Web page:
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U.S. Office of Special Counsel

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Washington, D.C. 20036-4505

U.S. OFFICE OF SPECIAL COUNSEL REACHES DISCIPLINARY ACTION SETTLEMENT IN HATCH ACT CASE INVOLVING EPA REGIONAL ADMINISTRATOR


FOR IMMEDIATE RELEASE - 8/22/00
CONTACT: JANE MCFARLAND
(202) 653-7984

   The U.S. Office of Special Counsel (OSC) today announced that—pursuant to a voluntary agreement—Mr. William Yellowtail, Regional Administrator, Environmental Protection Agency (EPA), Denver, Colorado, would be suspended from his position without pay for 100 days, in settlement of OSC’s petition for disciplinary action, alleging a violation of the Hatch Act. OSC’s petition for disciplinary action, filed with the Merit Systems Protection Board (MSPB) in April 2000, charged that Mr. Yellowtail violated the Act in February 1998 when he authorized his signature to be placed on a letter soliciting contributions to the campaign of Robert Deschamps for a Montana Congressional seat.

    Mr. Yellowtail was originally appointed to his position as the Regional Administrator, EPA, Denver, CO in January 1994. Mr. Yellowtail resigned from EPA in March 1996, in order to run for Congress. Mr. Yellowtail lost his bid for election. He was appointed back to his former position as Regional Administrator in September 1997. 

    OSC’s petition for disciplinary action alleged that, in February 1998, Mr. Yellowtail met with Robert Deschamps, a candidate for the Montana Congressional seat, and several of Mr. Deschamps’ campaign officials. During that meeting, the participants discussed Mr. Yellowtail’s endorsement of Mr. Deschamps and the solicitation of campaign contributions.
 
    Shortly after the meeting, an endorsement/fundraising letter was drafted for Mr. Yellowtail’s review and approval. The letter stated, among other things, that “[c]ontributing now to Dusty’s [Deschamps] campaign is absolutely critical.” It urged recipients to “ . . . make a contribution today.”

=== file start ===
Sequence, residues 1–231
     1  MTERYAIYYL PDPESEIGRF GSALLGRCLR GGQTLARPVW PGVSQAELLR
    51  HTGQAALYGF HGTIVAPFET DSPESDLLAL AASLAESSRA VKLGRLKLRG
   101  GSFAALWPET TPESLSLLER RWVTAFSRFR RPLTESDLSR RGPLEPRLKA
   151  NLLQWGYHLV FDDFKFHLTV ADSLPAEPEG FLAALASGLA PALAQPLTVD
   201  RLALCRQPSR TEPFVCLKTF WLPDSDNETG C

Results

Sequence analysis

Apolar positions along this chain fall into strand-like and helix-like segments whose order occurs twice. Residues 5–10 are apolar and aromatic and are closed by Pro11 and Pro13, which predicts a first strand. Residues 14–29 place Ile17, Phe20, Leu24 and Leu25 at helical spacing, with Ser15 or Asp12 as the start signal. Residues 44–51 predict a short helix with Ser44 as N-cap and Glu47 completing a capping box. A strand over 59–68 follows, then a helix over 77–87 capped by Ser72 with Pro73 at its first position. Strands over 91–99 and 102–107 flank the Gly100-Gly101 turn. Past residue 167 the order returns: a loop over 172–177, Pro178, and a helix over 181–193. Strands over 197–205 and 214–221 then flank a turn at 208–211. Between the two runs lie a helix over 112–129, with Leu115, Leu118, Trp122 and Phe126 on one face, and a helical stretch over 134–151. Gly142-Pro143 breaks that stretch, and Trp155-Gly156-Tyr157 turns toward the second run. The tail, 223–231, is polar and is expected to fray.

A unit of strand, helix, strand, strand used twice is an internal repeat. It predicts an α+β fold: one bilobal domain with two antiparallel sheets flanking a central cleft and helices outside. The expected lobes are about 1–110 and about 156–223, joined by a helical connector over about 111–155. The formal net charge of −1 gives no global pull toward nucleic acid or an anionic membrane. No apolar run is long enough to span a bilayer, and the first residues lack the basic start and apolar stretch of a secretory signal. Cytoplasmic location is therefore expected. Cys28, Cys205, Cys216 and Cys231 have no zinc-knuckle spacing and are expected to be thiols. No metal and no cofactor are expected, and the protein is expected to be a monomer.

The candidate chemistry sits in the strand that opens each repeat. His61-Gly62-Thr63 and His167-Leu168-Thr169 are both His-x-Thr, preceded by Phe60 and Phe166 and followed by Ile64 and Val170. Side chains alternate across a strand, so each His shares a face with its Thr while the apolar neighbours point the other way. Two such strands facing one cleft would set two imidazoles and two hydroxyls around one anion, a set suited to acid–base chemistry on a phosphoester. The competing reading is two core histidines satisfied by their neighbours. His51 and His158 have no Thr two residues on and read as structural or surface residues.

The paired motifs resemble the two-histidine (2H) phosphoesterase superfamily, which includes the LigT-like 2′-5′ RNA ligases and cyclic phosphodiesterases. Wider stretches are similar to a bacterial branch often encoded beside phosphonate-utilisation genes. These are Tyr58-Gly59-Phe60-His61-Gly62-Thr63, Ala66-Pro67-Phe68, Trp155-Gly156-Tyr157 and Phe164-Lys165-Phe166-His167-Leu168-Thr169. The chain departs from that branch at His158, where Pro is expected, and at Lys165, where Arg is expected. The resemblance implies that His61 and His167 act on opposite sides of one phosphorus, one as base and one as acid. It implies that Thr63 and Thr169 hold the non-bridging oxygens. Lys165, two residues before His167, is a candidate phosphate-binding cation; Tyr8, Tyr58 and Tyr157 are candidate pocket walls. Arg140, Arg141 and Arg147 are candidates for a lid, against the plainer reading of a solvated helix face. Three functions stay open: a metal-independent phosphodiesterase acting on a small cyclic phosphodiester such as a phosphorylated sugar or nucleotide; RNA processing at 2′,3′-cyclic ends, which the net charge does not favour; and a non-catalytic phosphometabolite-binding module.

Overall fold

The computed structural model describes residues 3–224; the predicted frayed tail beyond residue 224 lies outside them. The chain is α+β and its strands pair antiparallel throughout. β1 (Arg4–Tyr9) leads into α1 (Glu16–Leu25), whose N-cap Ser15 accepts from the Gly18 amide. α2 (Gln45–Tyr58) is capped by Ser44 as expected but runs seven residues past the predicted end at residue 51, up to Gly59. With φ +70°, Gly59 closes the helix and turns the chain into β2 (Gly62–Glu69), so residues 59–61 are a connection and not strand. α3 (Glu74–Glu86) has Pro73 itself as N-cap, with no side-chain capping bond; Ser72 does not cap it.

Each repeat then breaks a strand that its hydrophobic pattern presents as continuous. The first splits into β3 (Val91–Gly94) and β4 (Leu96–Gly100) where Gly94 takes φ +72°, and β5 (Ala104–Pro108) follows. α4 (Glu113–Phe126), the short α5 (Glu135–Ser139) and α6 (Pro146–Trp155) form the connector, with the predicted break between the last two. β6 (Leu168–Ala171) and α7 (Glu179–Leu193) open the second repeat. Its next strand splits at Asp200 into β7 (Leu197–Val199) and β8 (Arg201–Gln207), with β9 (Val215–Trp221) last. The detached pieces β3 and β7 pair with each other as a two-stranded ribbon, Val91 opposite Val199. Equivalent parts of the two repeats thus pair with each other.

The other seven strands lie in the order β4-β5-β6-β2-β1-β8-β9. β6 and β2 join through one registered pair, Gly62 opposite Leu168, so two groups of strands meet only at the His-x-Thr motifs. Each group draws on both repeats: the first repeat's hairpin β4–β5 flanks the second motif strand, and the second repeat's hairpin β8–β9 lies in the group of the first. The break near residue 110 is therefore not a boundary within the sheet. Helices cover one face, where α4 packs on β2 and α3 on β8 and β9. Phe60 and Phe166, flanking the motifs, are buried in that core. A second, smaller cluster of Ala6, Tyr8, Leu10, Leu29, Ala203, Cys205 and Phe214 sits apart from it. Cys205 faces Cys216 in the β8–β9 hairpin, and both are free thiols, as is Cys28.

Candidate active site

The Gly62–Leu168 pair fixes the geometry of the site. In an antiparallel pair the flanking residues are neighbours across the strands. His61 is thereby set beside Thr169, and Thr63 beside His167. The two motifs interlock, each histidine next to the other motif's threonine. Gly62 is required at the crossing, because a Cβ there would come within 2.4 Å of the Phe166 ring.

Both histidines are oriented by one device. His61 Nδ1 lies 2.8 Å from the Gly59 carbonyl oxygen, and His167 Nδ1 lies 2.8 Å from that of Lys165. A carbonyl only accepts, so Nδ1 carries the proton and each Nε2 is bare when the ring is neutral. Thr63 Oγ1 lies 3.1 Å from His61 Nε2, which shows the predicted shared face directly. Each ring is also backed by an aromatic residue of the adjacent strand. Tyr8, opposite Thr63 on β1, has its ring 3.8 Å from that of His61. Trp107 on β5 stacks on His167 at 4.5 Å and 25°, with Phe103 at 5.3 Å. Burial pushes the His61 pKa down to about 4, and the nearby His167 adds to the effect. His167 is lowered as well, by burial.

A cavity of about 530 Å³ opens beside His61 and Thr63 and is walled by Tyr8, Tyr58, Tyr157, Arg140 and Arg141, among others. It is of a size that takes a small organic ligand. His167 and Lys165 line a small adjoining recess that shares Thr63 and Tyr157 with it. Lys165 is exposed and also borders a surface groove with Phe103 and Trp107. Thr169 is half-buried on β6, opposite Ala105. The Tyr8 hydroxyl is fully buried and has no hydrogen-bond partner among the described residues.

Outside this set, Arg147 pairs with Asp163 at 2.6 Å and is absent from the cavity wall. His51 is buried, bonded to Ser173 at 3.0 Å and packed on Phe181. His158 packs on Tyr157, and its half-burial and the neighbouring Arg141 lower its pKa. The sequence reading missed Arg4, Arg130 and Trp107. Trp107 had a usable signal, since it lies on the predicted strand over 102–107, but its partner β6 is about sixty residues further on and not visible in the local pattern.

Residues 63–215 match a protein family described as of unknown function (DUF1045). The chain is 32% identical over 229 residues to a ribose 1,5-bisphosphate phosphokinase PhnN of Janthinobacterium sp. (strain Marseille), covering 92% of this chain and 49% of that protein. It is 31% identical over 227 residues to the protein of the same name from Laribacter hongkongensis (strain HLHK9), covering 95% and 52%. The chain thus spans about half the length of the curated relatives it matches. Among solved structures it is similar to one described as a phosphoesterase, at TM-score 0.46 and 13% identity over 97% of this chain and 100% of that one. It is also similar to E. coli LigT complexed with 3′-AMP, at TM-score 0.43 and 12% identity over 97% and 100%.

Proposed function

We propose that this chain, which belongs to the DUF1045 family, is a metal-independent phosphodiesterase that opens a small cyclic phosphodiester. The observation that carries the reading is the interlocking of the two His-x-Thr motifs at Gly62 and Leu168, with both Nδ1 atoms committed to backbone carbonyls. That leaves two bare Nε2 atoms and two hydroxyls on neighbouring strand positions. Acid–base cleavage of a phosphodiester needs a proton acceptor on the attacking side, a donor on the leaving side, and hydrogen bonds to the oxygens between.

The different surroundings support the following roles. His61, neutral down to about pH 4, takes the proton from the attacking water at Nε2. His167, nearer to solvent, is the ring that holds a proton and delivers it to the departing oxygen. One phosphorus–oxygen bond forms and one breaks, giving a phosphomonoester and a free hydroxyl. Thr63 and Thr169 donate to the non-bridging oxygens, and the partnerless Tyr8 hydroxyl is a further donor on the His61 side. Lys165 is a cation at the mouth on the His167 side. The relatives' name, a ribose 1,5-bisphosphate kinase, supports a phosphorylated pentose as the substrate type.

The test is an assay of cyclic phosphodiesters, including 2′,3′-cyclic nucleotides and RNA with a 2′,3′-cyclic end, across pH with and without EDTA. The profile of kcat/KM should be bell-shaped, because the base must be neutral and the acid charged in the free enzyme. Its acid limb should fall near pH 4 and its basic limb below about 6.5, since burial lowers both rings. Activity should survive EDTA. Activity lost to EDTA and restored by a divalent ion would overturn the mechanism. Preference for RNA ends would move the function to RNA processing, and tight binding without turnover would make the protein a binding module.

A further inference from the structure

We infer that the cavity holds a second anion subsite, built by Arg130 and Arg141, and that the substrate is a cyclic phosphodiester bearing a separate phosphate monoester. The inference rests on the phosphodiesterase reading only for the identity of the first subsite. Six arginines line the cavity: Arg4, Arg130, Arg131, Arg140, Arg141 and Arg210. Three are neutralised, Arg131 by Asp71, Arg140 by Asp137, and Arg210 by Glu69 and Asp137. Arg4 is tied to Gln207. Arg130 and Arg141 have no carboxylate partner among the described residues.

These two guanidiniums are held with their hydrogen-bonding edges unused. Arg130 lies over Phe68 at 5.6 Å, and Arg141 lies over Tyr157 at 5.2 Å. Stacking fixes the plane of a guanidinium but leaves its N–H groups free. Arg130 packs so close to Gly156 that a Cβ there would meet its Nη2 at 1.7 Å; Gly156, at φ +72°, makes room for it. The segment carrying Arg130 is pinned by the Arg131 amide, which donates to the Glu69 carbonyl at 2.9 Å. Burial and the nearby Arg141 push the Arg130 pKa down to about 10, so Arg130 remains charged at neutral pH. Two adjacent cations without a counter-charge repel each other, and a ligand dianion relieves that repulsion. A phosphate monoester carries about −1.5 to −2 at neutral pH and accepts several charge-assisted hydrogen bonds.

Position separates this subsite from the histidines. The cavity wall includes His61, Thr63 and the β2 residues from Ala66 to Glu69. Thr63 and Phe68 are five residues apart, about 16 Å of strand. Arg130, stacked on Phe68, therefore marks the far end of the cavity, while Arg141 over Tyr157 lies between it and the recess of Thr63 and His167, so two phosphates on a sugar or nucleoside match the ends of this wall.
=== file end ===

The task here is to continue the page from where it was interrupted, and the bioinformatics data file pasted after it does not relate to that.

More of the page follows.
OSC’s petition alleged that Mr. Yellowtail reviewed the draft letter and authorized the Deschamps’ campaign to sign his name to it, in violation of the Hatch Act. That Act prohibits federal employees from soliciting political contributions. Subsequently, the campaign distributed the letter to numerous potential supporters of Mr. Deschamps. 

    After OSC filed its petition for disciplinary action against Mr. Yellowtail, on May 26, 2000, EPA placed him on unpaid administrative leave. Mr. Yellowtail remains on such unpaid leave.
Although Mr. Yellowtail has denied, and continues to deny that he knowingly violated the Hatch Act, OSC believes that it has sufficient evidence to prove such a violation, were it to pursue the case before the MSPB. In light of Mr. Yellowtail’s cooperation and willingness to agree to a voluntary disposition, however, OSC has agreed to settle the case without further litigation.

    Under the terms of the settlement agreement between Mr. Yellowtail and OSC, Mr. Yellowtail will remain in a Leave Without Pay status for a total period of one hundred days. His personnel records will reflect that this status was imposed as a result of a Hatch Act settlement. After the terms of the settlement have been accomplished, OSC will withdraw its pending petition before MSPB. 

    Had OSC successfully pursued its petition against Mr. Yellowtail, the possible penalties ranged from a 30-day suspension to removal from employment. In deciding to settle its petition for a 100-day suspension, the OSC considered a number of relevant factors. These included, among others, Mr. Yellowtail’s full cooperation with OSC in its investigation, and the penalties the MSPB has imposed in comparable cases.

    Special Counsel Elaine Kaplan said, “It’s important for federal employees to understand that the Hatch Act prohibits the use of a federal employee’s name on fundraising letters or invitations to fundraisers. Federal employees must scrupulously avoid permitting their names to be associated with such fundraising efforts.” 

    Special Counsel Kaplan emphasized that while OSC stands ready to prosecute violations of the Hatch Act, it prefers to help federal employees avoid such violations. “When in doubt about what is permissible or impermissible under Hatch Act,” Special Counsel Kaplan advised, “I would encourage employees to consult our office. There’s a wealth of information at our website, www.osc.gov, and employees can actually e-mail questions to us.”

(MSPB Docket Number CB-1216-00-0014-T-1.)

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